My Christmas Gift to Jesus

I have just had a grumble about superficial, secularized people who trot along to church from time to time, but really hold the values of the world. But allow me to wax prophetical a bit more because the absence of Jesus extends even more deeply to those of us who are more than superficially religious.

It seems to me that we also lose Jesus within all our religiosity. I’m not making an anti-religious “I’m spiritual but not religious” argument.  However, I am looking at the amount of time we spend fussing over vestments or liturgy, or arguing about this which way of worship is best. I’m looking at the amount of time spent debating politics, worrying about church finances, clerical malfeasance, climate change, feeding the hungry, combating abortion or worrying about Muslims, homosexuals, feminists, liberals, conservatives, Mexicans, people who don’t use their turn signals properly or the poor quality of food at McDonalds’.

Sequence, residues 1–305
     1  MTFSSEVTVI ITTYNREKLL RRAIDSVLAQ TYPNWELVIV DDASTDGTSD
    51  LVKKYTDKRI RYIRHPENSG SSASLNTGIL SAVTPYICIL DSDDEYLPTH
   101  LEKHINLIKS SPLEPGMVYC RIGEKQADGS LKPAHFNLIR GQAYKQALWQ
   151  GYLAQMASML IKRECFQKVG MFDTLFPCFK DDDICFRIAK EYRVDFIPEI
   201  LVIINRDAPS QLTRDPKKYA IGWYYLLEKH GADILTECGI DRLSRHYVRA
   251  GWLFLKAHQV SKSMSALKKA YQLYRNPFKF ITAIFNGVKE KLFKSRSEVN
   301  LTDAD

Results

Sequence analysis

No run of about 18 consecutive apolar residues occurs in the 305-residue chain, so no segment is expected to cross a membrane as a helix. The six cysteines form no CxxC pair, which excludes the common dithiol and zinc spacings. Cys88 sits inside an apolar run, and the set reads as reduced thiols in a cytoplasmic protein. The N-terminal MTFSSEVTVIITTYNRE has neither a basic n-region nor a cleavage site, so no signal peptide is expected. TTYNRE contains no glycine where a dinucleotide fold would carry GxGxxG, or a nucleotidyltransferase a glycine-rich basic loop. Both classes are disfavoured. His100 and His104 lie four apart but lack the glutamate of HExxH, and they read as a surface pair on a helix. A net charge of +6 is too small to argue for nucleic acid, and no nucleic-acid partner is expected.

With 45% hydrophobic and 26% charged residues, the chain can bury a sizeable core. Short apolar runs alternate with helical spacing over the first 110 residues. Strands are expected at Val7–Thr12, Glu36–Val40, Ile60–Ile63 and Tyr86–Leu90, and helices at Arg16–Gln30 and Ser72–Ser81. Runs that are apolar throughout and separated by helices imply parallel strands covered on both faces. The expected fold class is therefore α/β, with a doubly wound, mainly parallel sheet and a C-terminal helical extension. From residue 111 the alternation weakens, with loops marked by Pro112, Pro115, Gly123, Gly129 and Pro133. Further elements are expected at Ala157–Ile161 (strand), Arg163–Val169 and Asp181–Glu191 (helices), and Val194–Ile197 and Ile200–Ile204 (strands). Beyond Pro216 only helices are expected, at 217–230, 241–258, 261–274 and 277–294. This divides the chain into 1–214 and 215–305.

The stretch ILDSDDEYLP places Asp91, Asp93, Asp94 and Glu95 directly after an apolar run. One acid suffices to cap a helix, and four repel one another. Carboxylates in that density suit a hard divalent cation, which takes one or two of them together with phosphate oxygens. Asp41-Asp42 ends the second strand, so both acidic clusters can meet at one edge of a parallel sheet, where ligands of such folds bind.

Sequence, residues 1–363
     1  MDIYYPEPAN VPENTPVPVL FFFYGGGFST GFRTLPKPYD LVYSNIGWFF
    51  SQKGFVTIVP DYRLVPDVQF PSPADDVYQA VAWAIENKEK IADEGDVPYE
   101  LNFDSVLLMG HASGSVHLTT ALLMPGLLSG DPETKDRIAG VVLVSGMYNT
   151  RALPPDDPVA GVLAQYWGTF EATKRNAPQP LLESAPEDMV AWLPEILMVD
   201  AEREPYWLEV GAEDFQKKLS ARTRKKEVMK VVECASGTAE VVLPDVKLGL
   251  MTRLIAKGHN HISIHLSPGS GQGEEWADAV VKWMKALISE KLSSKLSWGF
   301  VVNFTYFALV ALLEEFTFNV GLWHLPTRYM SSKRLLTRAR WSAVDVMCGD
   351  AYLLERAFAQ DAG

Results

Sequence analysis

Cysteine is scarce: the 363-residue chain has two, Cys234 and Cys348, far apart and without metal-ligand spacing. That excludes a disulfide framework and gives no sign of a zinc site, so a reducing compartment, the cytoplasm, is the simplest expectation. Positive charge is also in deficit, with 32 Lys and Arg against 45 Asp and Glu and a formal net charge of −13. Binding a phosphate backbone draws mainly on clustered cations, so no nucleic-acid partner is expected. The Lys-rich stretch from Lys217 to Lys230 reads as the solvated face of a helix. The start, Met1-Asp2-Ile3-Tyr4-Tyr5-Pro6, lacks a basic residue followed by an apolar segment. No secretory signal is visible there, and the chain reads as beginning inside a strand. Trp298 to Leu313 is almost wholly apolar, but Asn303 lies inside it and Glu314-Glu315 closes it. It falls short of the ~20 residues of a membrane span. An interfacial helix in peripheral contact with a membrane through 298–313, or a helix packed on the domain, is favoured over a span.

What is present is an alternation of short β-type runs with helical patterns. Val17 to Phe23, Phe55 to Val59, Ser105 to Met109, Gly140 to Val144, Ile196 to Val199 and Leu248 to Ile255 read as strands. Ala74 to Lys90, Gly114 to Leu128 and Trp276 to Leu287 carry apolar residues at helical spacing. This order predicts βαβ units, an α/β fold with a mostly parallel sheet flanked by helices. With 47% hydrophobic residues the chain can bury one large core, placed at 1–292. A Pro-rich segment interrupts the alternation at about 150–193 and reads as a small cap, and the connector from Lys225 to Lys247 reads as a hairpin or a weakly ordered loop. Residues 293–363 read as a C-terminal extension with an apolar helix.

You get my point. We religious people are so tied up in our petty hates and petty causes that somehow or other Jesus seems to slip off the radar. Progressive Catholics and conservative Catholics both spend time getting bent out of shape over their particular causes while ignoring Jesus.

So here’s my Christmas present to Jesus. I’m going to do everything I can as his priest to focus on Jesus Christ. I want to get to know him better. I want to introduce others to him better. All the canon law, all the liturgy, all the devotions, all the worship, all the education and catechesis, all the evangelization, all the writing, all the prayer, all the work to help the hungry and homeless, all the work in prison, all the work in school, all that I am and do I want to be focused on him.

I thought of this as I took a moment to meditate on our manger scene in church. As is traditional, the manger is empty. Waiting for Christmas Eve and the birth of Christ the Lord.

That will be my prayer as I place the bambino in the manger: That in all things he might have the pre-eminence.

Or as Father Benedict says, “To prefer nothing to the love of Christ.”